- Captain Bayars found himself wounded to death. He commanded to be set down at the foot of a tree so that he may die with his face towards his enemies.

A personal example:

- A relative of mine, as he lay dying, spent his last hours giving meticulous instructions on how his funeral should be carried out. He made everyone promise they would be there, and presented several examples and reasons why he was due this respect. Then, he died content. ‘I have seldom heard of so persistent a vanity’. At the last moment, to contrive a ceremony in honour of yourself

- A contrary example is of someone called Lepidus, who forbade his heirs from even the most simple ceremony. It makes sense, after all, to be temperate and frugal, ‘to avoid expense and pleasure of which the use and knowledge are imperceptible to us’, for we are gone.

- The philosopher Lycon told his friends to dispose of his body as they saw fit, and to have a ceremony that was neither extravagant nor sparse.

My own funeral? I leave it up to those upon whom it will fall. The care of death are ‘consolations to the living’ rather than any support to the dead.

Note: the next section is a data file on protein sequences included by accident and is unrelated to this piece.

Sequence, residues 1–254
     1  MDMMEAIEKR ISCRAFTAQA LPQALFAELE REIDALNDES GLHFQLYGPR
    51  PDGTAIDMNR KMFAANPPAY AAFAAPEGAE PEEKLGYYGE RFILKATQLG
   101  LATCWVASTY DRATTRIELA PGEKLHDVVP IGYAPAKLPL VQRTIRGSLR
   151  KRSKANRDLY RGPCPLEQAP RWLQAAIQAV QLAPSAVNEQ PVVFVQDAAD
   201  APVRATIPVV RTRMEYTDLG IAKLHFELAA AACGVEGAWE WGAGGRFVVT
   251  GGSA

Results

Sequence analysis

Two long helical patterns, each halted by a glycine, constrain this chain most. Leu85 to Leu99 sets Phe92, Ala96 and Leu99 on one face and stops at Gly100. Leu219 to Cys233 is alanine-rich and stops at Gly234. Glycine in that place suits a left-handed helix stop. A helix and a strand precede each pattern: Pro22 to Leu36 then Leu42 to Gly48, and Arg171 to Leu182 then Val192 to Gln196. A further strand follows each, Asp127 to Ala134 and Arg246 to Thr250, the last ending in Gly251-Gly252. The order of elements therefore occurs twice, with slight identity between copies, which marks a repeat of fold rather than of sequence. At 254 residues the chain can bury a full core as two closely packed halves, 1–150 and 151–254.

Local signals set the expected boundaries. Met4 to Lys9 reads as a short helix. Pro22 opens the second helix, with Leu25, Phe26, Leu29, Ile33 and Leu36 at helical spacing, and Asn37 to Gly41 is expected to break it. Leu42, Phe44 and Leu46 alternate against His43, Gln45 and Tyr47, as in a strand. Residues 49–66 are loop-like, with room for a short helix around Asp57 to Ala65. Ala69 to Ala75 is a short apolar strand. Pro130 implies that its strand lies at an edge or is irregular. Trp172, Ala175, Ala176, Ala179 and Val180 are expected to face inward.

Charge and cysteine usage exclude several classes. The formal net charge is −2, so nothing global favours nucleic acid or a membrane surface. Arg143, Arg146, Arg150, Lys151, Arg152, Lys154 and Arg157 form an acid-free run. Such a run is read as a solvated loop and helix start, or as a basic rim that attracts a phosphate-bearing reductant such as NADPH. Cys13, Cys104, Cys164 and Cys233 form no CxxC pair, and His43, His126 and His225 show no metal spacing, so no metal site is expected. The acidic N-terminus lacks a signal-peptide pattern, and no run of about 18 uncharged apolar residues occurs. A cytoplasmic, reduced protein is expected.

Socrates, when asked how he should be buried said ‘How you will.’ He elaborated that if he were to concern himself ‘beyond the present about this affair’ he would be tempted to ask for glorious ceremony and honours beforehand, like those who have statues erected etc. in order to behold ‘their own dead countenance in marble’.

Maybe it’s a fear of what happens when you die. Let me offer two observations on this matter.

Firstly, a quote be Seneca:

 ‘Dost ask where thou shalt lie after death?
Where things not born lie, that never being had.’

And I leave you with this gem:

‘As nature demonstrates to us that several dead things retain yet an occult relation to life; wine changes its flavour and complexion in cellars … and the flesh of venison alters its condition in the powdering tub, and its taste according to the laws of the living flesh of its kind.’

Tuesday, 28 February 2012

Book 1, Chapter 2: Of Sorrow

Montaigne discusses the nature of sorrow, sadness, and grief. Also those of love, and joy, and of emotions so strong that they cannot be expressed. 

I never feel sorrow. Sorrow is overrated. I hate it when the world respects sadness, seeing 'wisdom, virtue, and conscience' to lie within. 'Foolish and sordid guise!' I say. Italians call this word 'la tristezza', which translated as 'evil'. I think this is apt. Sadness is hurtful, idle, cowardly, and mean.

But of course, there's much more to say on sadness. I have some stories:

- The King of Egypt was taken prisoner by Persia. He saw his daughter pass before him; she was a prisoner too. She carried a bucket, and she looked terrible. His friends around him wept. The King remained unmoved. Immediately after, he witnessed his son being led to execution. Still, he didn't react. Finally, he saw a fried being dragged away among the captives. He began to wail and cry and tear his hair.